Mad as Hell XI -- How much is Availability worth? [Or, the straw that broke my back]

When calculating financial loss due to computer downtime there are a number of issues you need to consider.

Disgusted by security issues and poor performance, Winn Schwartau makes the switch from Windows to the Mac and details the bumps in the road along the way in his "Mad as Hell" series.

In 1995, I came up with time-based security [TBS] as a solid math derivative of an earlier PDR model by Robert Ayers. One of the key assets of TBS was the ability to quantify security with well known metrics and easy to test methodology.

By taking TBS and applying it to the classic infosec CIA triad of Confidentiality, Integrity and Availability, security vendors and security practitioners are using this model as the means to quantify risk using time as the metric.

When any computer fails [in this case I am looking at WinTel], it must be repaired if Availability is to be returned. There are two ways to examine this quantifiably.

    1. The amount of time I have lost as a user. If I am the only person using the box, then it is only my time wasted.
      a. As a home user this might be your hobby and repairing broken computers is your personal psycho-therapy. [Some of us might just call it psycho, but it's your life.] Or maybe you just want the damned thing to work as it's supposed to. Then you can measure the amount of downtime [D, in time] multiplied by frustration factor [Fr, in # of curse words per minute] to arrive at your personal IQ [I Quit]
        i. [D x Fr = IQ].
      b. If you run your own small business, a dead PC can mean a dead business. You might not have the budget for
      More Mad as Hell

      MacIntosh vs. Windows: Choosing to take a bite of the Apple
      Disgusted by security issues and poor performance, Winn Schwartau makes the switch from Windows to the Mac and details the bumps in the road along the way in this exclusive intro to his "Mad as Hell" series.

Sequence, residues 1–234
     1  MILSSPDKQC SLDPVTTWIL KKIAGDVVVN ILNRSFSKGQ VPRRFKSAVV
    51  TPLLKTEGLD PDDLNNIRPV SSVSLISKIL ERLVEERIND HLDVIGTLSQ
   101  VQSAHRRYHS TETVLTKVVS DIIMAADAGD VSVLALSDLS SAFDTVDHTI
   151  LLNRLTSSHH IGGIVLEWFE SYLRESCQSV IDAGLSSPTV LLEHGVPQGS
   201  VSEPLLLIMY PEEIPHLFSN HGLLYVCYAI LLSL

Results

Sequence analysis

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      redundancy. Or you are so busy you just want the damned thing to work as it's supposed to. [Sound familiar?] In this case downtime X $/Hr = Total Loss. [D x $ = TL] Easy to calculate. Make sure you include the amount of time it takes to wait on the phone with New Delhi and rebuild the sucker, too. More on that later.
      c. Only you can determine this value threshold and then add it to the [D x Fr] + TL = IQ. Either way, from frustration or financial loss, you need to determine your own IQ point.
    2. The amount of time it takes someone to repair the box.
      a. You lose some amount of time and productivity, even if they just to swap out the box.
      b. Your company has to either repair it [Time and materials = $] or send it back to whomever made it, get another and redeploy it. [More time and materials and expenses.]
      c. You need to decide your Corporate IQ point. I can't do that for you.

All I can tell you is, during the week of April 18, my IQ point was reached. My wife's IQ point was reached. Our CTO's IQ point was reached. IQ-ism is contagious and self reinforcing.

We all have the same problems. I have tolerated them for entirely too long. I have spent too many hundreds of hours on the phone to Dell Helli. I have installed more OSes than I would ever wish on anyone. Even John Ashcroft.

That will, by definition, degrade the security just as fast as they can add features.

About the author
Winn Schwartau is one of the country's leading experts on information security, infrastructure protection and electronic privacy. Schwartau is president and founder of Interpact Inc., The Security Awareness Company, which develops information security awareness programs for private, public and government organizations.

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